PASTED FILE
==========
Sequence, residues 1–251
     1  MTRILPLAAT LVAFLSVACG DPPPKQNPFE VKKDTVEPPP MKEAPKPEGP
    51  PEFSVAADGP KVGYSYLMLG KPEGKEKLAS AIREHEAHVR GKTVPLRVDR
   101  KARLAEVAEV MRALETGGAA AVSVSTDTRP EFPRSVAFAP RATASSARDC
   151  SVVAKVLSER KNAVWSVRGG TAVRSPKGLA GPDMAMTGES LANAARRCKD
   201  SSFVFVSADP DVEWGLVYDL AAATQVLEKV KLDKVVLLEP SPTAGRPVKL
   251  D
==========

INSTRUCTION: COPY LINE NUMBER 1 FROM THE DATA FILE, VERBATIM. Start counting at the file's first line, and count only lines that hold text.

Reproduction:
Sequence, residues 1–251